“Do not be afraid of differences,” Pope Francis said is a message to Catholics involved in the charismatic movement.Speaking on October 31 to the Catholic Fraternity of the Charismatic …
“The spiritual life is fed, nourished, by prayer and is expressed outwardly through mission: inhaling and exhaling. When we inhale, by prayer, we receive the fresh air of the Holy Spirit. When exhaling this air, we announce Jesus Christ risen by the same Spirit.”
I really appreciate it when Pope Francis speaks straight. Its refreshing.
I was a pentecostal. I received the Lord Jesus Christ as my personal Saviour and was baptized in the Holy Spirit. I spoke in tongues (a kind of guttural language with lots of 'k’s and 'sh’s).
It was a major mental wrench for me to emerge from all that, acquire the utterly different spiritual outlook that comes with the Catholic Faith, and begin to understand what union with God actually means. Pentecostalism and its sister Charismatism are - in my experience and in everything I’ve read on the subject - a substitute for an authentic spiritual life, heavily dependent on emotive experience and special effects. They are not the real thing, though they may awaken in some individuals an interest in the real thing (but this is the exception rather than the rule). It wearies me that after all these decades they are still being touted as something praiseworthy in themselves.
I had to read the article to get a better feel for that statement. I took it as a bit “new-agey” until I realized “breathing in” and “breathing out” were metaphors!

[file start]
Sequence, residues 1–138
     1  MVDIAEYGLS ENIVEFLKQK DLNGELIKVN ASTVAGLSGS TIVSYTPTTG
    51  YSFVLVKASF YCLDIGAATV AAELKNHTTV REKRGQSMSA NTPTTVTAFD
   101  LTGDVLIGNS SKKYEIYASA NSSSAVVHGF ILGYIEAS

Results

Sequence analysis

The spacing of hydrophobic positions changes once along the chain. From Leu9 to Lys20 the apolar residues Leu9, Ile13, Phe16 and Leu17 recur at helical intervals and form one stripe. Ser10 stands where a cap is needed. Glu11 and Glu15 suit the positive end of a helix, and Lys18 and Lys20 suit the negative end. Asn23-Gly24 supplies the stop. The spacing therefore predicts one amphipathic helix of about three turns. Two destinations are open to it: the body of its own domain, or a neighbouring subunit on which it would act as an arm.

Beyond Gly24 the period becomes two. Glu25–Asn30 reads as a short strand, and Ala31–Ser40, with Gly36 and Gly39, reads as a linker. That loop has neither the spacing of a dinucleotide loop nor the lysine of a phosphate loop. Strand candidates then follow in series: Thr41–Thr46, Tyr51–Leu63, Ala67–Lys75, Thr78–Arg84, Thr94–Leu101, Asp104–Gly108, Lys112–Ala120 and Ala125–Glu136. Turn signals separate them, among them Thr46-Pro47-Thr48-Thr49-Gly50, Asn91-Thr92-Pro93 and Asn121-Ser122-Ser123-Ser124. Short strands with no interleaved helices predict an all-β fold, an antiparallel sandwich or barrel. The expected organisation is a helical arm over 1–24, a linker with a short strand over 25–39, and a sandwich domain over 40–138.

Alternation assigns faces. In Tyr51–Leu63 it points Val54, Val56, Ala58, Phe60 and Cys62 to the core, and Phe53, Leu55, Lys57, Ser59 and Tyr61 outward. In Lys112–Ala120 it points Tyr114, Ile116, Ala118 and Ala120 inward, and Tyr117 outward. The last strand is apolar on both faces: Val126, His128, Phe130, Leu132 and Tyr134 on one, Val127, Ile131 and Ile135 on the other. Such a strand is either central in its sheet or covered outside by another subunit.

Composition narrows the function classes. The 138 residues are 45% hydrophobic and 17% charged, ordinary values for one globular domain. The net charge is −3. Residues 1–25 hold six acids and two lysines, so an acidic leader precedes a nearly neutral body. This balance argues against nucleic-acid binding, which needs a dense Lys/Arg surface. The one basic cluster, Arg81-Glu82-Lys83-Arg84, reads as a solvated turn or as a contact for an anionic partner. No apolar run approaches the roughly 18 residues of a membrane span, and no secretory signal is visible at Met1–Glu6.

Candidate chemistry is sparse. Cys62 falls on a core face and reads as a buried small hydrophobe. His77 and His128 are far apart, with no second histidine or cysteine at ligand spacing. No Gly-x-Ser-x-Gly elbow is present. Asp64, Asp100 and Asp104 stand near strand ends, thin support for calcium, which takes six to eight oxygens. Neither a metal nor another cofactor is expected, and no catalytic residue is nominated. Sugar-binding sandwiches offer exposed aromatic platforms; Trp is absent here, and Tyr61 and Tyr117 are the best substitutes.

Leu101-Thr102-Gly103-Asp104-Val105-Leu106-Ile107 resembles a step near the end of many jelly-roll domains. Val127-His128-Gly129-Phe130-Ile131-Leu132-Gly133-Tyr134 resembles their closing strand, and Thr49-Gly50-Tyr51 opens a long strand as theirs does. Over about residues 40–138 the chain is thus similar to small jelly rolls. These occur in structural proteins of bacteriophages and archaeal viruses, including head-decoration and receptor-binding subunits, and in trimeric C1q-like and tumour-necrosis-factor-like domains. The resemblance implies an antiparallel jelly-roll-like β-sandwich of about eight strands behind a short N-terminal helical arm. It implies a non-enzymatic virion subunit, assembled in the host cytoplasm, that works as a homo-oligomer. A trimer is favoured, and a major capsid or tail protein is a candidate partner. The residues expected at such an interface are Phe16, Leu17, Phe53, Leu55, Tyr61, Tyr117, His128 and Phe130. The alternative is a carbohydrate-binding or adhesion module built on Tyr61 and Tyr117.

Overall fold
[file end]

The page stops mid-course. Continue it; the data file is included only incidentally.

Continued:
Francis is correct that we all have different charisms, according to our vocations and stations.
Justin Swanton, I don’t want to derail this thread, but how has your Gift of Tongues changed in understanding, or been utilized, since you were received into the Church? Have you found a place of your own in the Charism Acceptance and Application Process*?
*I can’t say “Charismatic Renewal” as there never was a ‘renewal’ per se, as the Spirit has never abandoned the Church. I believe our charisms are just more out there – exposed now, no less Mystical by nature but no longer as hidden as was in the past: part of this has to with open, ecumenical communication, part of this has to do with the “mainstreaming” of Gifts via our separated bretheren via and broadcast media.
Amen: I’m sure Pope Francis is focusing on " though they may awaken in some individuals an interest in the real thing" such as yourself. Plus he’s emphasizing the importance of prayer first.
For General Information
Please note that the Catholic Charismatic Renewal is not Pentecostalism nor is it general Charismatism. It is not a substitute for an authentic spiritual life. Instead, the Holy Sacrifice of the Mass, Sacraments, the Rosary, prayers, good works, participation in parish life, etc. are very important in the lives of those who pray in Tongues and, when possible, participate in parish prayer groups.
My journey toward contemplative prayer began in the Charismatic Movement back in 1976.
It is the path the Lord Jesus led me through and I would not discourage anyone who finds spiritual edification through the Charismatic Movement in their parish.
A good book to read is “Who We Are Is How We Pray,” by Charles Keating(no relation to Thomas Keating)
Keating shows the author why different personality types are drawn to different spiritual ways to pray.
Some are drawn toward dynamic outward prayer like the Charismatics.
Some are drawn toward Contemplative Prayer like Carmelites.
No way is more right than the other. The only thing that is right is allowing the Holy Spirit to guide you to where He will feed you the most.
Anyone who surrenders themselves to God in prayer, will not be left empty, but fulfilled.
Would it be fair to say that different Charisms can be like the organs of the body – one charism could be like a hand, or a foot, etc. yet we are all called to worship God in Mass / Divine Liturgy as one body?
St Paul used the same analogy with regards to gifts of the Holy Spirit.
I would say your analogy is the same and a good one.
Thanks, Jim. I value your opinion; my *personal *prayer life has been all over the map and I haven’t quite found the best “fit” yet.